Sex Education: What is it like to be a real-life Jean Milburn?
As the new – and final – season of the hit Netflix series Sex Education drops, fans of the show will be excited about a lot of things, but perhaps most of all, the return of the much-loved character Jean Milburn, a flirty and adventurous sex therapist and educator, in her late 40s.
Played by Gillian Anderson, 55, who has previously starred in The Fall and The X-Files, and is much like Milburn in her open conversations about sexual liberation, particularly in the new book she is collecting real-life sex stories for.
But, what is it like to be a real-life Jean Milburn?
Sex therapy and coaching
“What Jean does [as an educator and therapist] is pretty spot on, particularly the normalising of sex and that it is OK to talk about it,” says sexologist and therapist Chantal Gautier.
“Sex education should encompass a wide range of subject matters, including sexual health, learning about the anatomy of our genitalia, the mechanisms of arousal, pleasure, discussion about consent, various relationship styles, contraception and perhaps most importantly, that our approach to sexual engagement is not a one-size-fits-all model.”
Much like the show, she explains: “Sex education can take place at schools, or home, as long as the focus is on inclusion, healthy conversations and normalising sex talk.”
Multiple forms of sex therapy and coaching exist.
“I support people who are ready and able to move forward, but need help doing so,” says Ruth Ramsay, sex coach and educator.
“With the lack of decent sex education, how we consider talking about sex ’embarrassing’, and how both mainstream culture and porn teach us it shouldn’t be necessary to talk, but then fill our heads with myths and lies about sex, lots of us need a bit of help,” Ramsay explains.
Day to day, being a sex coach or therapist is varied like any other job. For Ramsay, every day is a big mix.
“I respond to enquiries every day via my website or Instagram, mostly which aren’t ultimately for coaching. People don’t know where to turn for help, and if they find my website and feel comfortable, they ask me about all sorts of topics that require medical or therapist support,” she says.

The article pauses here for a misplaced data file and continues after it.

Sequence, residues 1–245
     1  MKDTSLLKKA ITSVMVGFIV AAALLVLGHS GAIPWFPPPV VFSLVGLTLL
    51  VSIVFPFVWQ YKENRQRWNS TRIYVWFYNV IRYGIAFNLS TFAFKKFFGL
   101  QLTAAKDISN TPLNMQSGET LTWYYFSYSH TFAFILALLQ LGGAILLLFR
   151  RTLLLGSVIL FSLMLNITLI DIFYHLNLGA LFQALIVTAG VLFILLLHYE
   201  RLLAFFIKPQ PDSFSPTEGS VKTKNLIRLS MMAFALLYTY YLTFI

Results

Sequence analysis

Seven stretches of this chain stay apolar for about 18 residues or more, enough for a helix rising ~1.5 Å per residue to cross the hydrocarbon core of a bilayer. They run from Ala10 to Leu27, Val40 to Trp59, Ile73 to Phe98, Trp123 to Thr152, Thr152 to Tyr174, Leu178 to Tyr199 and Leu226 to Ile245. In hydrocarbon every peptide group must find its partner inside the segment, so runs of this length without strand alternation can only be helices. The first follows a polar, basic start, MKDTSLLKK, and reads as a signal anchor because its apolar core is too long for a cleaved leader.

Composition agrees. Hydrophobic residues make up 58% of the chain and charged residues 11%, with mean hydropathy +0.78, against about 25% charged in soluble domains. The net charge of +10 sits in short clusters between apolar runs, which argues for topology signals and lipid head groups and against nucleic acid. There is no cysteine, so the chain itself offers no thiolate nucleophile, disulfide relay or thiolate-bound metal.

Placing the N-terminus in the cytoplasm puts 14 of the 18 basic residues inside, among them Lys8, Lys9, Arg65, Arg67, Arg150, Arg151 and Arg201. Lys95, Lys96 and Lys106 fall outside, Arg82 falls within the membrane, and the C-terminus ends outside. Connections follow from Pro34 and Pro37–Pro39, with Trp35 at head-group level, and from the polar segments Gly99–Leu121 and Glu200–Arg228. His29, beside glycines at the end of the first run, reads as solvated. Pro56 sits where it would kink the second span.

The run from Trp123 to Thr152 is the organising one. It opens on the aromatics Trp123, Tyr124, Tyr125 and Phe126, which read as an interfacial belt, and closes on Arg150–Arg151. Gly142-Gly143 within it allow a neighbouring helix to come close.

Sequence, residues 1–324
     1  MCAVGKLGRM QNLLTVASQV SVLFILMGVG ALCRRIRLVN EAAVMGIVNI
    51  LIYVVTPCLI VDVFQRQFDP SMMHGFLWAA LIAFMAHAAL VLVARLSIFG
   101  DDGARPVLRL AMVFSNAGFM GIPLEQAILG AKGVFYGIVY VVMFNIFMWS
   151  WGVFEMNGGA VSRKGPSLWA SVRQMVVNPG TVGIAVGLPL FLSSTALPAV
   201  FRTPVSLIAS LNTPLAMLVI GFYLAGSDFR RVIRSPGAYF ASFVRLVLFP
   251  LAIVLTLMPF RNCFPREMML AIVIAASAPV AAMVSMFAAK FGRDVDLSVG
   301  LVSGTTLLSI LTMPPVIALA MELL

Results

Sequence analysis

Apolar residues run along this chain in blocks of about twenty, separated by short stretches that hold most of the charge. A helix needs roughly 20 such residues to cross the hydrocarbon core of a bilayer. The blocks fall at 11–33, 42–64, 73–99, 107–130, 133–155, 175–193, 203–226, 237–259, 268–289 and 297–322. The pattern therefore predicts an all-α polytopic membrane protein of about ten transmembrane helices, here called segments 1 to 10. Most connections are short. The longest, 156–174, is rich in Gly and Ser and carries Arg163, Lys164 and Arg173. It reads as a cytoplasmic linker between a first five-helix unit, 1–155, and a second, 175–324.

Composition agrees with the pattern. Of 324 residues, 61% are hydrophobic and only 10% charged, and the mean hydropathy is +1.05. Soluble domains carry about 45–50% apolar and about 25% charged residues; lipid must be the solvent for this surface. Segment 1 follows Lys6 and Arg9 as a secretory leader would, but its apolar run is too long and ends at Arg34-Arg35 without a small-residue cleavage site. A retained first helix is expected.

“It’s good for me to be constantly reminded of the issues people have, and the wide network of support that is needed.”
And much like Milburn, the demands of those around her often guide her work life.
“That’s how my workshop How to Please A Woman In Bed came about – so many messages from guys not wanting or needing coaching, but wanting to know how to give more pleasure. For coaching, I set up a page to help people better understand what I do and don’t do.
“Where coaching might be the right step for someone, we have a discovery call – a free call where I learn more about them and they learn more about my coaching,” she explains.
And she always has things to stay on top of outside of coaching.
“There is usually an online presentation or talk or webinar I am getting ready for, or a podcast appearance I am prepping. I love being a messenger about how to have better sex.
“I try to keep up to date and curious with my own learning – listening to podcasts, reading books about sex, attending online events. And I try to practice what I preach: talking and communicating about sex with my husband, making time for it, trying new things, managing my stress levels and looking after my physical and mental wellness,” Ramsay shares candidly.
Like the fictional Milburn, Ramsay champions pleasure.
“There is no shame in wanting to learn more about sex. The big mainstream myths – that good sex should ‘just happen’, that it must be spontaneous, that if we have to talk about it, that’s some kind of failing – are so damaging and are stopping people from having good sex lives, especially in long-term relationships,” says Ramsay.
“I want people to know that enjoyable sexual pleasure is possible in long relationships, into older age, despite chronic illness or disability… but we need to learn about it and put some active energy into making it happen,” she explains.The show is true to life
For Gautier, sex therapy is very similar to Sex Education’s portrayal.
“Jean shows a level of openness, sense of normality and passion for the field, which is very similar to how I and other therapists approach our work,” she says. “Regarding the young people, the similarities are perhaps in the approach, and the use of language – making sex talk relatable to various age groups and issues.”
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